Three snowmobilers survive night caught in storm
Three snowmobilers found themselves on more than a three-hour tour Sunday night, when a whiteout halted their progress and sent them seeking shelter in the Sierra north of Lake Tahoe.
Agate Bay resident Steven Rainwater, 33, and Reno, Nev., residents Mark Sweet Sr., 45, and Mark Sweet Jr., 26, planned a one-day trip through the Rifle Peak area and found themselves cold and wet at the Glenshire General Store in east Truckee, almost 24 hours after their trip began.
Rainwater said they started their trip from Carnelian Bay along the old “Fibreboard Freeway” toward Bald Mountain. He said they cut across Highway 267 to snowmobile toward Rifle Peak, a 9,600-foot peak just north of Crystal Bay
At about 4:30 p.m., blizzard conditions hit with heavy snows and the three found themselves trapped in the whiteout, without any sense of direction.
“We lost our trail and decided to wait it out in a tree well,” Rainwater said. “We took turns tending to our fire.”
They used an empty Pepsi Cola can to hold gasoline from their tanks. They made wicks out of rope and ignited them with the sparks from a snowmobile spark plug.
“We knew nothing would blow up,” Sweet Jr. said. “We just needed something to burn.”
They kept themselves warm by setting piles of sticks on fire and making lanterns out of the Pepsi can and a starter fluid can. Their charred snowmobile suits were evidence of their attempts to warm themselves by makeshift fires.
Sweet Sr. said he stripped himself of his undergarments, soaked them in gasoline, packed them into the fluid can and set it on fire.
“It worked,” he said. “That’s all that matters.”
Their supplies consisted of one Snickers Bar, one orange, one banana and a salami and pepperjack cheese sandwich. They used a tool box as a water trough – scooping up snow and melting it into a drinkable state.
Their fires burned from 6 p.m. to 7 a.m., when the first light broke and they could find their way through the Juniper Hills area above Glenshire. Without socks or underwear, Sweet Sr. made the two-hour trip to the general store, where they all arrived at about 9:45 a.m. Rainwater used his Ski-Doo to break trail, while the Sweets followed on their Polaris snowmobiles.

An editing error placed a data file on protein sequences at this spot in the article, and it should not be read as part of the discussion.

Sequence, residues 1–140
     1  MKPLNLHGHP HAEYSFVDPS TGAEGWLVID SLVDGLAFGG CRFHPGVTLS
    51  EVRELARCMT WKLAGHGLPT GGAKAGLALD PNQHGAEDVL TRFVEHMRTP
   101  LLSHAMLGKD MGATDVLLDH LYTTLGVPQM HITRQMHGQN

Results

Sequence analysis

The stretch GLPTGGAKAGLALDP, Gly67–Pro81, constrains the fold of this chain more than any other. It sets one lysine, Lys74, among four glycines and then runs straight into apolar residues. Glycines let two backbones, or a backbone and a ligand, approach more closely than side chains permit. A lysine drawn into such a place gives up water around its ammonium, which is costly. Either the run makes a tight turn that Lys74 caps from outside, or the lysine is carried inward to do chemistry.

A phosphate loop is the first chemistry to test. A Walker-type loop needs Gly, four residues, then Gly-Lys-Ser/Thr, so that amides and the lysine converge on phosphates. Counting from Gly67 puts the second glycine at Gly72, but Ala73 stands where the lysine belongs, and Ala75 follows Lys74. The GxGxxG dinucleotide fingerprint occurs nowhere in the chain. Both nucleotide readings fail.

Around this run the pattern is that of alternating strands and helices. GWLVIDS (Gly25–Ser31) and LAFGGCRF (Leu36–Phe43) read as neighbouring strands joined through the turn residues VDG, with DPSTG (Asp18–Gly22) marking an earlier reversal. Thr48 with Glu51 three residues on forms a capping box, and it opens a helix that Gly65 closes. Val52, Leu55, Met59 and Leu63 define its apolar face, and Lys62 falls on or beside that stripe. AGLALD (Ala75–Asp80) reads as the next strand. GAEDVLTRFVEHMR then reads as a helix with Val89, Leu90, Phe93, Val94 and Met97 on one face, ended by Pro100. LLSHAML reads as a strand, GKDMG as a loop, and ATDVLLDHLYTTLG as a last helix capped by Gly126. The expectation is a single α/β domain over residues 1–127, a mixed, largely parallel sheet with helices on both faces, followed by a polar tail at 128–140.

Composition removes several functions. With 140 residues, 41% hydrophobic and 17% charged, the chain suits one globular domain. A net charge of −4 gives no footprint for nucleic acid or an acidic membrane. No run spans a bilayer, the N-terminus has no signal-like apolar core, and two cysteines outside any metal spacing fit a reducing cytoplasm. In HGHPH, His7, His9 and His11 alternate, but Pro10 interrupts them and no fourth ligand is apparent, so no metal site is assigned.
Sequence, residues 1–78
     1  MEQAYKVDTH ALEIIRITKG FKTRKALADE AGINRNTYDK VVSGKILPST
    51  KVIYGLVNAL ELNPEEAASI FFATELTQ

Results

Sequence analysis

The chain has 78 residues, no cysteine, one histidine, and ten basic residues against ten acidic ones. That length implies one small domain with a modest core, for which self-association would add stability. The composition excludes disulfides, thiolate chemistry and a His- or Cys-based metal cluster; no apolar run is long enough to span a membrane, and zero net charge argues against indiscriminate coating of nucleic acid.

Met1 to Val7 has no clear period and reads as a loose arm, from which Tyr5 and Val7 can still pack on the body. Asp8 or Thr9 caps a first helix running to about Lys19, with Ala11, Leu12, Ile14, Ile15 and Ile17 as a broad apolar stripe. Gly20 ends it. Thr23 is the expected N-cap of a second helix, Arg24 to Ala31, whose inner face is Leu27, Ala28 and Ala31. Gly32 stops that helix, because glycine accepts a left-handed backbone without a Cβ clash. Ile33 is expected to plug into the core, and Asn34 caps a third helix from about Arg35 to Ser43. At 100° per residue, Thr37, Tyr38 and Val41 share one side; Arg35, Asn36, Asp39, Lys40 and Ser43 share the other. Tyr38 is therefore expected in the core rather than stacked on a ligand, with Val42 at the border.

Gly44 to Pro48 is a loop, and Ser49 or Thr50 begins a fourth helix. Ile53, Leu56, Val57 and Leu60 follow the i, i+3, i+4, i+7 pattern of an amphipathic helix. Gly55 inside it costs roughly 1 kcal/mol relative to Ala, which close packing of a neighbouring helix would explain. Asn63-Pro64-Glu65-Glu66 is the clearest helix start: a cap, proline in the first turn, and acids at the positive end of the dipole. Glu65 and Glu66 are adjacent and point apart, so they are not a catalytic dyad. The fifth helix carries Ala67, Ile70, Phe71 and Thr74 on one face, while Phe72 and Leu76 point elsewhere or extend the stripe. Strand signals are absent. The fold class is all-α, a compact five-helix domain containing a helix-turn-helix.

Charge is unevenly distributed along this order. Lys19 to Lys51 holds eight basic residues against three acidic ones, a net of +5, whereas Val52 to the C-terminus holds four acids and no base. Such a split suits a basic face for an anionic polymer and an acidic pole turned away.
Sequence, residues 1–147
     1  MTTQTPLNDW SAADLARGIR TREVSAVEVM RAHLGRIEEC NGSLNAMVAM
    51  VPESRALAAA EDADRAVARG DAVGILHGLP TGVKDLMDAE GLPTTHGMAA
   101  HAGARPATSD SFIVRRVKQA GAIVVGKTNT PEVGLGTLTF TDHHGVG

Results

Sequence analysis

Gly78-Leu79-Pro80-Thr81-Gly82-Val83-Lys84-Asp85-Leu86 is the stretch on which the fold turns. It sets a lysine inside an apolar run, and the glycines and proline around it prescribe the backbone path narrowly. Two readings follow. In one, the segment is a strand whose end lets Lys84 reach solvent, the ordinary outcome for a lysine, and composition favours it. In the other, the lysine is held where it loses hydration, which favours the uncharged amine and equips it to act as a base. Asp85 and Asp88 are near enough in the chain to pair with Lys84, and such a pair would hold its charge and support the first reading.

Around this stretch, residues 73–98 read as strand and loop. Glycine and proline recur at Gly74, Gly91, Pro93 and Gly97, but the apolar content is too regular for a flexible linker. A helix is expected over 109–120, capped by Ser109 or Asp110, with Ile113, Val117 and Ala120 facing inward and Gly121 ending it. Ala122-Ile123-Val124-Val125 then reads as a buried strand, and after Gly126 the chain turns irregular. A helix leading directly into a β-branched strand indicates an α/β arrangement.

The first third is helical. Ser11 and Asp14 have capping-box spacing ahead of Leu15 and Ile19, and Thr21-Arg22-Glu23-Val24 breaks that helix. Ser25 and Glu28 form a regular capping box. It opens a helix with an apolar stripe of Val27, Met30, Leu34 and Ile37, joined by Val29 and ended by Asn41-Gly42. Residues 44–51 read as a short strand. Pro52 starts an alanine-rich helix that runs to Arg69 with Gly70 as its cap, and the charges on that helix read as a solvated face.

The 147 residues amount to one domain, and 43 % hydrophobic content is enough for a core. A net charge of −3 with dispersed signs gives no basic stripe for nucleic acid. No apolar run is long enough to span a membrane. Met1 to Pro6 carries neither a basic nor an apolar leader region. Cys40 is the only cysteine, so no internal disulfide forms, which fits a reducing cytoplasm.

The Placer County Sheriff’s Office reported receiving the first missing persons report from Rainwater’s fiance. Members of the Tahoe Nordic Search and Rescue Team initiated a search by snowmobile, skis and snowcat at 9 p.m. and waited until daybreak to launch a helicopter search.
As the search organized on Monday morning, the three were making their way out of the highlands.
Placer County Sheriff Sgt. Bill Langton said their survival skills saved their lives.
“People participating in outdoor or backcountry activities, should pay attention to the weather in the area at the time,” he said in a prepared statement.
“This won’t stop us from future rides,” Rainwater said. “We go four-wheeling in the summer and have been through worse than this.”
Before leaving the general store, the three agreed their next ventures were to find hot showers.
Rainwater, who works in construction, jokingly said he really planned on being a snowmobile guide when he grew up. His friends agreed they were glad he hadn’t pursued that profession.
Both Sweets, Mark Sr., who works as an recreational vehicle mechanic in Carson City, Nev., and Mark Jr., who works at Smith’s Food and Drug Center in Carson City, said they were glad the trip was over, but were looking forward to snowmobiling again.
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Nevada County is now likely to remain in the red tier barring “extenuating circumstances,” thanks to changes to the state’s reopening blueprint announced this week.